There are a number of things people say that indicate they hold onto mental health prejudices, many of which they are unaware of.
About four years ago, a friend of mine was talking about multiple psych hospitalizations. Then he realized he had not said it was about his daughter and quickly interjected, “I’m not talking about me, of course, it was my daughter who was in and out of the hospital.”
I responded, “And if it was you, we’d be OK with that because it would mean you had taken care of your mental health.” He froze for a second, realizing his on bias. I have to give him credit for instantly recognizing that and later mentioning it to me.
Do you still use the phrase, “committed suicide?” Do you still say “drug addict?” Do you make references to people with mental illness as being “crazy?” Do you say, “I’m so OCD today!” How do you react to or treat someone who lost a child to cancer versus one who lost a child to suicide or accidental drug overdose?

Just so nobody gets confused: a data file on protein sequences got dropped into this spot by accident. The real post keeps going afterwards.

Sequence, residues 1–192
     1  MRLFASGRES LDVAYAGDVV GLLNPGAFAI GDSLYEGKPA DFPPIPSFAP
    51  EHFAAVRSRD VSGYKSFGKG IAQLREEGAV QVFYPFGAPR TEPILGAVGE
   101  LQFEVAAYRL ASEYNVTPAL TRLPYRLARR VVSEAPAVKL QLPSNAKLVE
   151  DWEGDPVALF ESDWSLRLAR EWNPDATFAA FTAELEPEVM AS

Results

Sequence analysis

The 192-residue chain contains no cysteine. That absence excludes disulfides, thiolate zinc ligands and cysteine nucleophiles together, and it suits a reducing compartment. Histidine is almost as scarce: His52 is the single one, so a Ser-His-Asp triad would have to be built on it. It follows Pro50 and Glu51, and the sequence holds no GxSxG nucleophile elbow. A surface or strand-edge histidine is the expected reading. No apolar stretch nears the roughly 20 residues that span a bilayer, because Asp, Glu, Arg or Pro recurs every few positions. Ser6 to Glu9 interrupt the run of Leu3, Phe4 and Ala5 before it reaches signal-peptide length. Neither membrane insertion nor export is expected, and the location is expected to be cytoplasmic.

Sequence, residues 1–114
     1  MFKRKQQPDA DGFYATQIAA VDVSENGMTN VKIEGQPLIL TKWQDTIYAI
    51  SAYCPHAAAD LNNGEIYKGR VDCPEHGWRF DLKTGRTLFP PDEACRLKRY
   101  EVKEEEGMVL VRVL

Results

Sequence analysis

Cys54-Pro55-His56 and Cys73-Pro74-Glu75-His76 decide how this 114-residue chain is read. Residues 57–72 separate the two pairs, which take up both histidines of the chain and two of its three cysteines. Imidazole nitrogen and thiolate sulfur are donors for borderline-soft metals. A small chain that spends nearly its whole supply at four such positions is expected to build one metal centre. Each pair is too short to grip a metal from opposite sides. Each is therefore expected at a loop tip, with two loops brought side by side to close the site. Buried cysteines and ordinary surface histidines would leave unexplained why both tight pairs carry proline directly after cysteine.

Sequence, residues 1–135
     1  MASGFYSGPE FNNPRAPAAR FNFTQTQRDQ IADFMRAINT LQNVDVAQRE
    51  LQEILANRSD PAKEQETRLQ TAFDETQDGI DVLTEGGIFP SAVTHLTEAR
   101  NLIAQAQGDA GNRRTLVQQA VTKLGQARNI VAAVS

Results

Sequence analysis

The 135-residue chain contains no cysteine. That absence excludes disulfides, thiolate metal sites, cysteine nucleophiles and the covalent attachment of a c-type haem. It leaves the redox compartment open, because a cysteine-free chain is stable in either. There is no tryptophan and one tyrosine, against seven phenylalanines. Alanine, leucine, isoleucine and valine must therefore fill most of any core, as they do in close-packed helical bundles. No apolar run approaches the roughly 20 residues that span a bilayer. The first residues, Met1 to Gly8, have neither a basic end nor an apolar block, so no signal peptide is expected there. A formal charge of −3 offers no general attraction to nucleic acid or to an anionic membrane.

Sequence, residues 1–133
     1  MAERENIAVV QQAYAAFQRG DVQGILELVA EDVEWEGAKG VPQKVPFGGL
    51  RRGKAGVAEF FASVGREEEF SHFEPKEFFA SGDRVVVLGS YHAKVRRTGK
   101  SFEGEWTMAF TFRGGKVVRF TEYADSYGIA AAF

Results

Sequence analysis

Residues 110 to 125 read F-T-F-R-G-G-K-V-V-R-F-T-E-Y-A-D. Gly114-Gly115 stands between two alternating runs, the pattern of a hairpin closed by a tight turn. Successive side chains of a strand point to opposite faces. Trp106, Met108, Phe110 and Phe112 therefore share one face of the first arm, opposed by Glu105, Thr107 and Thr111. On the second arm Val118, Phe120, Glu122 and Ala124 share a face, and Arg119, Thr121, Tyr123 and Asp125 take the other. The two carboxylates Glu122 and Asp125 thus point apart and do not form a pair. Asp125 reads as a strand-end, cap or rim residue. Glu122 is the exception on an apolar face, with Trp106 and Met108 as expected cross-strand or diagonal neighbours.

What’s the problem? Because of stigma, those who suffer feel shame and don’t seek help. When they don’t seek help from depression or addiction, the chance of death increases.
Self-correction for our own prejudices and word use errors is OK. In fact, acknowledgement of that is a way to educate and show our own willingness to make change.
Take the MakeItOK.org quiz.